New Brunswick

N.B. 'working group' not a substitute for inquiry into systemic racism, Tobique chief says

Tobique First Nation Chief Ross Perley says a new "working group" formed by Arlene Dunn, Aboriginal affairs minister, is a good first step toward reconciliation but is not a replacement for an inquiry into systemic racism in New Brunswick.

2 people named in the announcement of group says this is the first they've heard of it in 12 months

Chief Ross Perley, who is listed as a member of the group, said he agreed to be part of a group a year ago when speaking with the former minister of Aboriginal affairs Jake Stewart, but the announcement this week was news to him. (Logan Perley/CBC)

Tobique First Nation Chief Ross Perley says a new "working group" formed by Arlene Dunn, the Aboriginal affairs minister, is a good first step toward reconciliation but is not a replacement for an inquiry into systemic racism in New Brunswick.

The group, named the All Nations and Parties Working Group on Truth and Reconciliation, was announced in a news release on Thursday. Its mandate is to address the 94 calls to action identified in the Truth and Reconciliation Commission report released in 2015.

Dunn and Regional Chief Roger Augustine will co-chair the panel, whose members will also include three other chiefs and members of four political parties. The release said the group "will be supported" by other politicians and First Nations leaders.

But in a written response Friday to the committee announcement, Perley said, "the engagement of this committee yesterday by the new minister was news to me."

Perley wrote that activating the committee, last discussed in 2019, when Jake Stewart was the minister of Aboriginal affairs, "is a step long overdue."

But, he said, "this measure does not replace the need for a New Brunswick inquiry into systemic racism, and we can't lose sight of that fact."

New minister tackles First Nations challenge

CBC News New Brunswick

7 months ago
4:46
Neophyte minister kicks off Aboriginal Affairs job with a new panel on truth and reconciliation. 4:46

First Nations stepped up their calls for an inquiry after Rodney Levi of Metepenagiag First Nation and Chantel Moore, a member of the Tla-o-qui-aht First Nation who had recently moved from B.C. to Edmundston, were shot and killed by police this year in separate incidents.

Premier Blaine Higgs has rejected an inquiry.

The New Brunswick panel announced this week will have nine members and two co-chairs. Eight people are listed as a members of a "guiding group," including Grand Chief Ron Tremblay, representing the Wolastoqewi Grandmothers.

Tremblay, too, was also surprised to see his name listed as a member.

"Strangely, I didn't confirm to be a part of this working group," he said.

He said Stewart had mentioned it to him, but Tremblay would need to consult with the Wolastoqewi Grandmothers to see if they wanted him to participate.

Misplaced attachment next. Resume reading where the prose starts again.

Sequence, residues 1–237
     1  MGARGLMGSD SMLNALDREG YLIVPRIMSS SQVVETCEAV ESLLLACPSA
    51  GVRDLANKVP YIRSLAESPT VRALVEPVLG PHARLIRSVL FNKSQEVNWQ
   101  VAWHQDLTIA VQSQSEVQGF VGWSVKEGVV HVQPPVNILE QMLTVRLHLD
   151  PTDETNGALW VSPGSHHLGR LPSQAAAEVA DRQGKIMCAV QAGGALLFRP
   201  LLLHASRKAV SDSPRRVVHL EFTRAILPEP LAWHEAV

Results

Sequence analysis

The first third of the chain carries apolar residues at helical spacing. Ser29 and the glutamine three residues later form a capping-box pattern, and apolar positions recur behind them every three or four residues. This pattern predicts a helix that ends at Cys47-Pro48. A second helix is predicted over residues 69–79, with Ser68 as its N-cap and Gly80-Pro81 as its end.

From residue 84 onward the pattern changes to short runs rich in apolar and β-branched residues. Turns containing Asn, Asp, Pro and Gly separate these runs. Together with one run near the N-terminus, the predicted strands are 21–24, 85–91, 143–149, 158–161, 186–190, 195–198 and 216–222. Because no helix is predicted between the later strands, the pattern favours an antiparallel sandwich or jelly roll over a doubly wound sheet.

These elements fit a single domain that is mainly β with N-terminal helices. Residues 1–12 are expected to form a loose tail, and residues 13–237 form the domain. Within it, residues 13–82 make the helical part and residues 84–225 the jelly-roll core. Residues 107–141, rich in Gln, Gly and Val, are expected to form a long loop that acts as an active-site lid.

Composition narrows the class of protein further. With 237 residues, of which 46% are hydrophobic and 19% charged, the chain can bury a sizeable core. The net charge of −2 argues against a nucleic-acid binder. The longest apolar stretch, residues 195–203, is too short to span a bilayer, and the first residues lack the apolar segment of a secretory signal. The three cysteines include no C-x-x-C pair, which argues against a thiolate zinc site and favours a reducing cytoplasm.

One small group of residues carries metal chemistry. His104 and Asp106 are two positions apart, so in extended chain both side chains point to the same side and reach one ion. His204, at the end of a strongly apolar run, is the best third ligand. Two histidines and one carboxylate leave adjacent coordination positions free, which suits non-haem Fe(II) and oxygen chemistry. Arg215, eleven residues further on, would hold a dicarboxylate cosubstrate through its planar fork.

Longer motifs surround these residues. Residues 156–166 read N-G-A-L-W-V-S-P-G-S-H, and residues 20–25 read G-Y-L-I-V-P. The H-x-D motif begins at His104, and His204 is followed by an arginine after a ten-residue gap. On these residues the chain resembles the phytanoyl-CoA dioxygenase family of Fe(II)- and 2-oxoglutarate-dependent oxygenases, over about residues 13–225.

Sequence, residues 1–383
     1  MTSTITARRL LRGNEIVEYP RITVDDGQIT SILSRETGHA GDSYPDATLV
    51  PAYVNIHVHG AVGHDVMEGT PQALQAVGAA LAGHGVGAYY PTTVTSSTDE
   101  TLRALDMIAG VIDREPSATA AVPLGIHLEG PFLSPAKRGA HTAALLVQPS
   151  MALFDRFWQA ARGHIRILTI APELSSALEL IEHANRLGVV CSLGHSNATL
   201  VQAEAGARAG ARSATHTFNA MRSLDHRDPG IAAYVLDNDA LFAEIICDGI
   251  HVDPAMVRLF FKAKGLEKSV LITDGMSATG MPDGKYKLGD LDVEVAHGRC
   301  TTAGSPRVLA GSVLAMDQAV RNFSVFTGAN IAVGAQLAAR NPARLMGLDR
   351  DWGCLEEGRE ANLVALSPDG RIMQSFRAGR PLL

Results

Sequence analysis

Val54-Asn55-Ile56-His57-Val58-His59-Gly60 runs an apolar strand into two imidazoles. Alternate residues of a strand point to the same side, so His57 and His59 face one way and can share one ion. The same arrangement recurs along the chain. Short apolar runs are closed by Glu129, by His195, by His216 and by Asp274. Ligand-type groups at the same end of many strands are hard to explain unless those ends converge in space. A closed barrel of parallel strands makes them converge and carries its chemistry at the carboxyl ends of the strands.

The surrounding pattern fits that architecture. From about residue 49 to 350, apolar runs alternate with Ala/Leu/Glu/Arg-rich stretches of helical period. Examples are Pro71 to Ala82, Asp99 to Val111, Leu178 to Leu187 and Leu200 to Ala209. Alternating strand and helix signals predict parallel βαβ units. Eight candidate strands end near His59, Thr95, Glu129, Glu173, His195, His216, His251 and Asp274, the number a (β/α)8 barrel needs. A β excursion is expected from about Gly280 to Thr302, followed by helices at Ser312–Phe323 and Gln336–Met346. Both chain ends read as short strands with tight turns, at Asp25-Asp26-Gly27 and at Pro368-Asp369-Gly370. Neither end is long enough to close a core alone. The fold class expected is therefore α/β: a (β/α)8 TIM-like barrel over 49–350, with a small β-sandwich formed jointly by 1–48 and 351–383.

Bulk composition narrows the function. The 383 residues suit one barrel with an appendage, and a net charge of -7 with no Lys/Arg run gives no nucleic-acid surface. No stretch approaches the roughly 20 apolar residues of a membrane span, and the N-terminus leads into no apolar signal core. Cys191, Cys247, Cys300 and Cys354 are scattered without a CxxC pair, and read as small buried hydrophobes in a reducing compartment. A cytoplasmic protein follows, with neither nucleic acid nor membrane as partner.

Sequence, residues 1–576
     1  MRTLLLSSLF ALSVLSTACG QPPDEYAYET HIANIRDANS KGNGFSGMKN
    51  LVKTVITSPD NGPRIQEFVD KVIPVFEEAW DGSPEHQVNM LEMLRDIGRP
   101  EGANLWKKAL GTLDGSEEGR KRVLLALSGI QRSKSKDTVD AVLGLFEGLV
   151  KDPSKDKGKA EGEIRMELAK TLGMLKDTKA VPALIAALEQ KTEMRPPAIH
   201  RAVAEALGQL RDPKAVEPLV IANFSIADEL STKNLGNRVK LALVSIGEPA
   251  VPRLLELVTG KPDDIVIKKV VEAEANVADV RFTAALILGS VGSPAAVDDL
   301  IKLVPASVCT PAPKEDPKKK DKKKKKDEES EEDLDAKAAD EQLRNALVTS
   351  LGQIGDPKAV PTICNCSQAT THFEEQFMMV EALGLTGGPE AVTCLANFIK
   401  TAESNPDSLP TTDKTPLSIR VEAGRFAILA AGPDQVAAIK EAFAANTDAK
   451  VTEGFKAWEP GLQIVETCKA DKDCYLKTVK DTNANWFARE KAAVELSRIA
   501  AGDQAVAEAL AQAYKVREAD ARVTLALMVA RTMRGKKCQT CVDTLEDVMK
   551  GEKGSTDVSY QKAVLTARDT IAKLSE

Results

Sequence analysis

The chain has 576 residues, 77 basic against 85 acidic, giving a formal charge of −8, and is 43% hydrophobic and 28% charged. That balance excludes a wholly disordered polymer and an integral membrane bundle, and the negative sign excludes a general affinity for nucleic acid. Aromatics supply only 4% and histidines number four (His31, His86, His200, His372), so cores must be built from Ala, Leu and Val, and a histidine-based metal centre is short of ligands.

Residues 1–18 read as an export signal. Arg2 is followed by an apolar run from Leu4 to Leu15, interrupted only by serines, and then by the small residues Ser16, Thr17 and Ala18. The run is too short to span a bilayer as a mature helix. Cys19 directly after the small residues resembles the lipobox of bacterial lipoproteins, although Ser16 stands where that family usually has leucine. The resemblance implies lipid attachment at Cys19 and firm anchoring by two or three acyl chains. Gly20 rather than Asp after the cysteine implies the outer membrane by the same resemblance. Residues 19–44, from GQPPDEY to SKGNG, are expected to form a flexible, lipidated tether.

Dunn apologized for the confusion.

Aboriginal Affairs Minister Arlene Dunn says the group will consider recommendations of the Truth and Reconciliation Commission, which presented its report in 2015. (Jacques Poitras/CBC News)

"I was under the assumption that they were contacted," she said.  

Dunn said she hopes the committee can meet before Christmas to start discussions and getting to know each other.

"So that's priority number one, is to build the relationships, build the trust — that's huge," she said.

"And then from there [start] looking at the individual recommendations."

Dunn said 31 recommendations that came out of the Truth and Reconciliation Commission fall under the purview of the province. She wants to start there. 

When asked about systemic racism, an issue Dunn previously called a "cancer in our province," she said this is a separate issue but related to the committee's mandate to address the commission's report.

"I'm going to be dealing with both of them, to be perfectly honest with you," she said.

'The systemic racism piece is something that is an issue that we need to really take a good look at."

Chief has faith in group's members

Roger Augustine, regional chief of New Brunswick and Prince Edward Island for the Assembly of First Nations, is the committee's co-chair. He said he has high hopes for the working group because of the people who are participating.

Roger Augustine, Assembly of First Nations regional chief for New Brunswick and Prince Edward Island, says addressing Indigenous rights and systemic racism has to be a priority in the province. (Andrew Vaughan/The Canadian Press)

"I don't have faith in the system, I have faith in the people that are sitting around the table," said Augustine.

They are Chief Rebecca Knockwood of the Fort Folly First Nation, Chief Ross Perley of the Wolastoqey Nation, Chief Hugh Akagi of the Peskotomuhkati Nation at Skutik, Barry Labillois, president of the New Brunswick Aboriginal Peoples Council, St. Croix MLA Kathy Bockus, Miramichi Bay-Neguac MLA Lisa Harris, Green Party Leader David Coon and Miramichi MLA Michelle Conroy.

Augustine agreed that the committee is not a replacement for an inquiry into systemic racism, but it's a necessary move toward addressing Indigenous rights.

"We just have to now focus on New Brunswick and review some of the attempts in the past and find out where they failed," he said.

Augustine said he's feeling hopeful real change will be made.

"We can't screw this one up," he said.

ABOUT THE AUTHOR

Tori Weldon

Reporter

Tori Weldon is a reporter based in Moncton. She's been working for the CBC since 2008.

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